Sunday, October 08, 2017

Howling At The Moon-When Howlin’ Wolf Held Forth

Howling At The Moon-When Howlin’ Wolf Held Forth  



 From The Pen Of Bart Webber

One night when Sam Eaton and Ralph Morris were sitting in Johnny D’s over in Somerville [this night was several years before the recent 2015 announcement that that central spot for the blues tradition and up and coming newer musical genre was closing after a forty year run], over near the Davis Square monster Redline MBTA stop sipping a couple of Anchor Steam beers, a taste acquired by Sam out in Frisco town in the old days on hot nights like that one waiting for the show to begin and picked up by Ralph along the way when drinking his life-time scotch whiskey became verboten after a bad medical check-up about ten years before Ralph mentioned that some music you acquired kind of naturally. A lot of their conversations of late, the last few years as they slid into retirement Ralph giving the day to day operations of his specialty electrical shop over to his youngest son and Sam giving the day to day management of his high volume printing business to his longtime employee, Jimmy Jones, who held the place together at the beginning while Sam headed West with a gang of other Carver corner boys in search of the great blue-pink American West night that animated much of the late 1960s had centered on their lifetime of common musical interests (except folk music which Sam came of age with, caught the drift as it came through Harvard Square where he would hang out to get out of the house when tensions boiled  o to some extent but which mostly even with Bob Dylan anti-war protest songs made him grind his teeth.

By naturally Ralph meant, you know like kids’ songs learned in school. Songs like The Farmer in the Dell, which forced you a city kid like Ralph born and raised in Troy, New York a strictly working class town then, and now,  although you might not have designated yourself as such at that age to learn a little about the dying profession of family farmer and about farm machinery; Old MacDonald, ditto on the family farmer stuff and as a bonus all the animals of the farm kingdom and their distinctive noises that still rattled Ralph’s head on hard drinking night if he got melancholy for his tortured childhood; Humpty Dumpty, a silly grossly overweight holy goof of the rankest order, an egghead to boot and that didn’t mean intellectual, far from it, who couldn’t maintain his balance come hell or high water although you might not have thought of that expression, that hell or high water expression, or used it in the high Roman Catholic Saturday-go-to-confession-to confess those damns, hells, and fucks that had entered you vocabulary through osmosis and Sunday-go-to-communion-to-absolve-all-sins Morris household out in Troy where Ralph still lives; and,  Jack and Jill and their ill-fated hill adventure looking for water like they couldn’t have gone to the family kitchen sink tap for their needs but thinking about it later what were they really doing up there. All this total recall, or mostly total recall showing indeed whether you designated yourself as a city kid or not you were one of the brethren, etc. you have embraced that music as a child in case you have forgotten. Music embedded in the back of your mind, coming forth sometimes out of the blue even fifty years later (and maybe relating to other memory difficulties among the AARP-worthy but we shall skip over that since this sketch is about the blues, the musical blues and not the day to day getting old blues).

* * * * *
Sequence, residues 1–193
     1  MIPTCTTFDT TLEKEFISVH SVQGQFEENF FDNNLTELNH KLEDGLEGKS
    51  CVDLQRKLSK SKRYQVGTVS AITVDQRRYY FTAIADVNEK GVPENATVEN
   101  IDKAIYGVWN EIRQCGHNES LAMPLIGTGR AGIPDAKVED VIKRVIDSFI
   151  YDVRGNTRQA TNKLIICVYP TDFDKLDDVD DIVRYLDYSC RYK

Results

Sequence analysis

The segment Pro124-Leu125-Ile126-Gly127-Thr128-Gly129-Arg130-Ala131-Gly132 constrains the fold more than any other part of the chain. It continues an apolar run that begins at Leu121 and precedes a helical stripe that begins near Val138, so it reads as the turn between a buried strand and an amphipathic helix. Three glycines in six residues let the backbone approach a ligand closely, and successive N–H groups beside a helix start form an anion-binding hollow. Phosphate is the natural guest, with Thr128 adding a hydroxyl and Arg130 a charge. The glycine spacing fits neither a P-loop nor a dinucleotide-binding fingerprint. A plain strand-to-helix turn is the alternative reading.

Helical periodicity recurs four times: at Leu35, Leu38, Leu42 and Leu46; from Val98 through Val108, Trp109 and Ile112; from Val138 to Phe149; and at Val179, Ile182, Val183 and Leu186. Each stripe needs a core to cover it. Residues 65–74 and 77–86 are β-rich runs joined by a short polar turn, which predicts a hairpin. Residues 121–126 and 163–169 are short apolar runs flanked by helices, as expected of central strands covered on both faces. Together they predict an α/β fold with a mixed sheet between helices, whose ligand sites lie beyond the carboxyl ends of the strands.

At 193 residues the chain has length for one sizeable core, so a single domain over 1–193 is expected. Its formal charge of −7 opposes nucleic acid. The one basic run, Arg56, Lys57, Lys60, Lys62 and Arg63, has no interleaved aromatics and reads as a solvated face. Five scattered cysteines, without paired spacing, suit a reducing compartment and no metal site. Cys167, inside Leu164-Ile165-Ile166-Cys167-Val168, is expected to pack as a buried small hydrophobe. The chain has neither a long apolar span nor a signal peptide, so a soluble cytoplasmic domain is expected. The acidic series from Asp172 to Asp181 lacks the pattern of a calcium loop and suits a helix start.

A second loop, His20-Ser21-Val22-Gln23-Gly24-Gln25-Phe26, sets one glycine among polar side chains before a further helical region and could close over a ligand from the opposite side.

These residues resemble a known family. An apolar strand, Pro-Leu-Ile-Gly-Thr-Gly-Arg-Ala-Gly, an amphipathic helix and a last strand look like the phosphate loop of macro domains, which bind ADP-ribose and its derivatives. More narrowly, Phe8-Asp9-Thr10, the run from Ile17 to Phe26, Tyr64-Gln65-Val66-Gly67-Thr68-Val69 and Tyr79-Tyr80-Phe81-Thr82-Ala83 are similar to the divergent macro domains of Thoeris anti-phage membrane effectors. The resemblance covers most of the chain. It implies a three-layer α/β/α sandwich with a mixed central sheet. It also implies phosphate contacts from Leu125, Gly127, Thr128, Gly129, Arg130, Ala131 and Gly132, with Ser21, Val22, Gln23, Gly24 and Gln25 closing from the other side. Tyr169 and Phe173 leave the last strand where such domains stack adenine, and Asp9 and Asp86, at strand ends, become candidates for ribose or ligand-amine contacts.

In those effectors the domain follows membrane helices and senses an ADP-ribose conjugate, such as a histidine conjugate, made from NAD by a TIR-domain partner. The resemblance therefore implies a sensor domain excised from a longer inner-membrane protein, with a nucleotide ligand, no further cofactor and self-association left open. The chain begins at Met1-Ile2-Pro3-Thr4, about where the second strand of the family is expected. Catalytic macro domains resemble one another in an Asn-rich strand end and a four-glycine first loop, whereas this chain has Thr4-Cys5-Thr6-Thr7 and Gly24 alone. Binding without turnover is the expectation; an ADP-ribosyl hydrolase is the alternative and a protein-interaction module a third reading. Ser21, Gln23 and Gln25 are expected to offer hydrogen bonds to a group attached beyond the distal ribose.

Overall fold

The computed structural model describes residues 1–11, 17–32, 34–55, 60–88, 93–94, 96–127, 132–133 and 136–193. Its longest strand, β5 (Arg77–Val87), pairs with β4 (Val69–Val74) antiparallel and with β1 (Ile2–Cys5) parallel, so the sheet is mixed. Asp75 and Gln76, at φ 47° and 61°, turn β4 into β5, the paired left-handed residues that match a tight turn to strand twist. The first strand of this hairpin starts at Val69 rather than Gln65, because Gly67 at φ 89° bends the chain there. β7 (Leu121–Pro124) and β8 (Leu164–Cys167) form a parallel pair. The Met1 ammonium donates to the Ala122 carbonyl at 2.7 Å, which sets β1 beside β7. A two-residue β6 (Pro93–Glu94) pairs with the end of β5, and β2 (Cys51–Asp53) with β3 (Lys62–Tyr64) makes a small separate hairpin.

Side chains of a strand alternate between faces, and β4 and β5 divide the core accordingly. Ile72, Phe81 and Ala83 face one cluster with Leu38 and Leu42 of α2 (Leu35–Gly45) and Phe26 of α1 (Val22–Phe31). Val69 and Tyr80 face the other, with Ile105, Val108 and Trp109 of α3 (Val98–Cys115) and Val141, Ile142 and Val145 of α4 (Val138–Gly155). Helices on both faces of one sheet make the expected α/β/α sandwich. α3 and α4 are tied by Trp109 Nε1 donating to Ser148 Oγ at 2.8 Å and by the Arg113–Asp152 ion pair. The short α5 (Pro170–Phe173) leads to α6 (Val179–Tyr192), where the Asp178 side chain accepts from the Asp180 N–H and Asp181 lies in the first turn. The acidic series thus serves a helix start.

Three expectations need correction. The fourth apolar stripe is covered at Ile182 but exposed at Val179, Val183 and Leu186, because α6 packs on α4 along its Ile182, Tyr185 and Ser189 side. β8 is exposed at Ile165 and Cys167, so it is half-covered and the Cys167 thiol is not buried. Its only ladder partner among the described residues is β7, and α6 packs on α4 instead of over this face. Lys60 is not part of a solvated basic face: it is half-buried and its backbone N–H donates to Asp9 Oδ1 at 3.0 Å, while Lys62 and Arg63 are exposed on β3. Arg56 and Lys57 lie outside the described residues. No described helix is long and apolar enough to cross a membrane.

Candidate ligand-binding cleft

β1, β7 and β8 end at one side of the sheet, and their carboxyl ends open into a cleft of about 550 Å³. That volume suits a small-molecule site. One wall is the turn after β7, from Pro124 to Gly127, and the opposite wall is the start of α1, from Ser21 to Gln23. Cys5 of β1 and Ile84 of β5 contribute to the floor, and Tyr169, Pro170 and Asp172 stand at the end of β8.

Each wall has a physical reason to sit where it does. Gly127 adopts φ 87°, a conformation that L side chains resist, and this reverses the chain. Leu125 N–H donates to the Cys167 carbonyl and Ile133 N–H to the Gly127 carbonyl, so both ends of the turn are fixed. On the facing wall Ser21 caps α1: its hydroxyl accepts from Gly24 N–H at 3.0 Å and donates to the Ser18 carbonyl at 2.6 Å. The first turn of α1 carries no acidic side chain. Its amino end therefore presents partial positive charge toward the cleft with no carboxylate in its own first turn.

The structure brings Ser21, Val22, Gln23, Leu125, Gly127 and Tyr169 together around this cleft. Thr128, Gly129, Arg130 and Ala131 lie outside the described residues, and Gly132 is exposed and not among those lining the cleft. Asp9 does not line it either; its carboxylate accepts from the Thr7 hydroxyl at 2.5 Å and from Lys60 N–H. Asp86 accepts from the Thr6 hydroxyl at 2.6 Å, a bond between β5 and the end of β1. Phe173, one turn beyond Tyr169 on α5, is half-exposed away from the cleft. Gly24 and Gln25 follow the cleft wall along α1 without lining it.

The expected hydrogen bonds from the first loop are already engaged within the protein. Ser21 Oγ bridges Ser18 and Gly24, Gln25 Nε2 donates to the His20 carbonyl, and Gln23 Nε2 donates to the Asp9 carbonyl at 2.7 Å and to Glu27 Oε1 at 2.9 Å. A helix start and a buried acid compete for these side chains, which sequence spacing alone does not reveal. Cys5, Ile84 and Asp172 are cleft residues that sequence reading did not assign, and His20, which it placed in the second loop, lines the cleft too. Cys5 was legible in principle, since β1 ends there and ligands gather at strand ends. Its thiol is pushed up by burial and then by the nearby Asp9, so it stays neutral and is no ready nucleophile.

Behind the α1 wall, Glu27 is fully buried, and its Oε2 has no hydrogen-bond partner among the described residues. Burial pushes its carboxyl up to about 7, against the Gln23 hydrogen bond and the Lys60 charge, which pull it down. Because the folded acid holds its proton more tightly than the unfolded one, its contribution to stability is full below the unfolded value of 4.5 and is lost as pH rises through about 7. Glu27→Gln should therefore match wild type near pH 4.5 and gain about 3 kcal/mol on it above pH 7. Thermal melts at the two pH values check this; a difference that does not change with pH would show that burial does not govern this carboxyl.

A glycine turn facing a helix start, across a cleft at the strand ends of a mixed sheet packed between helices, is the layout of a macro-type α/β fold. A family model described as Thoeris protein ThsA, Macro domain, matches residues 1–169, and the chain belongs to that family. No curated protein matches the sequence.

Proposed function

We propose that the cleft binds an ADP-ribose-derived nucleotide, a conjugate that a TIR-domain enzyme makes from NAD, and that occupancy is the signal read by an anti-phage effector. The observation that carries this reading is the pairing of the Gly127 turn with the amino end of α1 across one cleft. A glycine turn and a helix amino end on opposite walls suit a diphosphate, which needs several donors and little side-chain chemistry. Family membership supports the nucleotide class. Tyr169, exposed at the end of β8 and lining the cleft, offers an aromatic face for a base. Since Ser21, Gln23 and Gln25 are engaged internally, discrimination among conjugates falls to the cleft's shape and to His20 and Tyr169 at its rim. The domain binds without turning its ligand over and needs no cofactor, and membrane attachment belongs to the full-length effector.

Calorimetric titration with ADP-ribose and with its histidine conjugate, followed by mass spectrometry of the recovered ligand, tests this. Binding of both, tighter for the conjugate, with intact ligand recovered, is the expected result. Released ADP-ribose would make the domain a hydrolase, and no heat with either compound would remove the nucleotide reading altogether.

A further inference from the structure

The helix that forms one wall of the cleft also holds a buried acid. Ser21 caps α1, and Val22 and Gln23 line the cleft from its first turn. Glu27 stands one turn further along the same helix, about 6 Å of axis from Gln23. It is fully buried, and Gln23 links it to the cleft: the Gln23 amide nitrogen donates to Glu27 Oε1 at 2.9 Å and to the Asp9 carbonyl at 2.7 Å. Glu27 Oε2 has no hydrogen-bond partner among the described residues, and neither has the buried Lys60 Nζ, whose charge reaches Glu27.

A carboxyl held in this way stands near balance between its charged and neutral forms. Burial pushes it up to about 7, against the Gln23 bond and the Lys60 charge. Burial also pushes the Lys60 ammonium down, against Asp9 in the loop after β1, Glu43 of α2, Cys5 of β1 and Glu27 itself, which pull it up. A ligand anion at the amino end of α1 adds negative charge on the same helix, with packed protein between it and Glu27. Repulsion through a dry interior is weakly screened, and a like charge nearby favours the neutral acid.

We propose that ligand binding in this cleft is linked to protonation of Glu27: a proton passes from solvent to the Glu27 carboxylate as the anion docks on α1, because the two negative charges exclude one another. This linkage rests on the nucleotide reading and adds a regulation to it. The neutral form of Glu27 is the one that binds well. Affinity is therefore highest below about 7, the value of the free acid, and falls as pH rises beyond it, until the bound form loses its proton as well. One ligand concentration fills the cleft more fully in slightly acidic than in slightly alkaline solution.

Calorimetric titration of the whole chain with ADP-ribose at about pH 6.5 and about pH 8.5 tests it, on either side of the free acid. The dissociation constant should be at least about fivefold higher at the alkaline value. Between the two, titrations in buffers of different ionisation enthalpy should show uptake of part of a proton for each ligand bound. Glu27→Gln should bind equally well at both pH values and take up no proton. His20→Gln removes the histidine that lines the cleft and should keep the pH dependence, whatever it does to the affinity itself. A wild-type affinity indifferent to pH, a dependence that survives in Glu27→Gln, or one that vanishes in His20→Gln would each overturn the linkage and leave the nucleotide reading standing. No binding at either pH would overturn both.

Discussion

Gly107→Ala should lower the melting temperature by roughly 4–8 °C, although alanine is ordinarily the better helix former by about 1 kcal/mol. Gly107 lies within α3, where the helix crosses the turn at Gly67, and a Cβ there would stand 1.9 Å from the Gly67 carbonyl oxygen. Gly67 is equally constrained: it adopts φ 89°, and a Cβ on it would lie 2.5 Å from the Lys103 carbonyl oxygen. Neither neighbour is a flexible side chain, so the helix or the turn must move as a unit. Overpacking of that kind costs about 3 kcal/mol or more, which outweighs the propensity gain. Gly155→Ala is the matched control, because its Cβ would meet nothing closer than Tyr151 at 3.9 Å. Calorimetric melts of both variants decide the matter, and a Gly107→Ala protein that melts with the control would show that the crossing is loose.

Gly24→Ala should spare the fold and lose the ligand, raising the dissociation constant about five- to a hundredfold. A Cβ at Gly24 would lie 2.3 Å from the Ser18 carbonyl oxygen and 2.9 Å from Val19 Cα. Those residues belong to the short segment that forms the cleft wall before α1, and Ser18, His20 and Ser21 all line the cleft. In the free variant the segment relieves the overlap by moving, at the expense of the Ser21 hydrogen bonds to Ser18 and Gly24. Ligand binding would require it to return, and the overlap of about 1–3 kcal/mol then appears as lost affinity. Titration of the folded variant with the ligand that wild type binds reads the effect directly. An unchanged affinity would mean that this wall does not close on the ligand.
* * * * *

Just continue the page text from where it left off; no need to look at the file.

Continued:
Sam nodded his head in agreement then chimed in with his opinion the music of junior high school as he thought, looking behind the bartender’s head to the selection of hard liquors displayed with the twinkle of an eye, about switching over to a high-shelf scotch whiskey, Haig &Haig, his natural drink of late, despite the hot night and hot room beginning to fill up with blues aficionados who have come to listen to the “second coming,” the blues of James Montgomery and his back-up blues band. (Sam unlike Ralph suffering no medical warning about the dire consequences to his system about throwing down a few shots since his health was in better shape than Ralph, Ralph having taken a beating in that department with whatever hellious chemical his government, or rather the American government for which he refused to take any credit or blame, was throwing on the ground of Vietnam from the nightmare skies during that long, bloody lost war).

That “second coming” referring to guys, now greying guys, who picked up the blues, especially the citified electric blues after discovering the likes of Muddy Waters, Howlin’ Wolf, Magic Slim and James Cotton back in their 1960s youth, made a decent living out of it and were still playing small clubs and other venues to keep the tradition alive and to pass it on to the kids who were not even born when the first wave guys came out of the hell-hole Delta South of Mister James Crow sometime around or after World War II and plugged  their guitars into the next gin mill electric outlet in places off of Maxwell Street in Chicago, nursing their acts, honing their skills.